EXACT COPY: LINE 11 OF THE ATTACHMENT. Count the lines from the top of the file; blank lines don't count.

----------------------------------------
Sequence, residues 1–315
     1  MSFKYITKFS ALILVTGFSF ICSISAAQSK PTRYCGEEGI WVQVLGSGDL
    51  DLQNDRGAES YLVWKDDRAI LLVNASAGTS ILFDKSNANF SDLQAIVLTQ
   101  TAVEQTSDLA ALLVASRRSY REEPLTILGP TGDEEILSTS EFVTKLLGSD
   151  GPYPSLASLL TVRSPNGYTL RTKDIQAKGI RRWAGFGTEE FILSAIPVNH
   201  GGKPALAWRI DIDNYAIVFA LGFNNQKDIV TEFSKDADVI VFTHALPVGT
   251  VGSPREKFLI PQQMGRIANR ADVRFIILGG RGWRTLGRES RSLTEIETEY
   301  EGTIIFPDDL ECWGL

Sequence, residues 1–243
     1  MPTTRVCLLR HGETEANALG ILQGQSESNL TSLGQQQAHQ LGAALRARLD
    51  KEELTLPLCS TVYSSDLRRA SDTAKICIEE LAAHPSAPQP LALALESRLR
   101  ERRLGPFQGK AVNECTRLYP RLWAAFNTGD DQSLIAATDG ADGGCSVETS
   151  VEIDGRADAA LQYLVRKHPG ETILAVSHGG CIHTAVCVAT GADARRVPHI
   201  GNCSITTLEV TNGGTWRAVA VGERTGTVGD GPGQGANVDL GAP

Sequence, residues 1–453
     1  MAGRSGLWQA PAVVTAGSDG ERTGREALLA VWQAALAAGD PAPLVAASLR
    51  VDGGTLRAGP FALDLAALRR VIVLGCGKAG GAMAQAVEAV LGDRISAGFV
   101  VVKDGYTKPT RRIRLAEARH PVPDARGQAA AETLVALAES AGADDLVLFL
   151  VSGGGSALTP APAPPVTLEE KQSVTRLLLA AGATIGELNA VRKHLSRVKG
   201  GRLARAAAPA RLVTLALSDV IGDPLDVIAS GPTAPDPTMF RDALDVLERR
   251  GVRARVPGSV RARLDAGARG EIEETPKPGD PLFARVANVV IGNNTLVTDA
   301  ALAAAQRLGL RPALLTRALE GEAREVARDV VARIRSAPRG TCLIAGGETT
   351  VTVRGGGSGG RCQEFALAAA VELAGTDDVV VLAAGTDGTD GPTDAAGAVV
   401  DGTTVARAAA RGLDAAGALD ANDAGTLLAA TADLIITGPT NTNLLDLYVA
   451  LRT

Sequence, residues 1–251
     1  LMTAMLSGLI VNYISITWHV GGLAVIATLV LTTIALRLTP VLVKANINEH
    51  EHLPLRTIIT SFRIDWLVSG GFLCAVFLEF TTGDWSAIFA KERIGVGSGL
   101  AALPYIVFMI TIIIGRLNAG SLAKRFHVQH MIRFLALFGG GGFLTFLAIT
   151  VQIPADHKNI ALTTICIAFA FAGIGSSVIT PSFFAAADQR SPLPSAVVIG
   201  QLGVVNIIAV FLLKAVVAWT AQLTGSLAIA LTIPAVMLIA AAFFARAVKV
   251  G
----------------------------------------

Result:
    51  KEELTLPLCS TVYSSDLRRA SDTAKICIEE LAAHPSAPQP LALALESRLR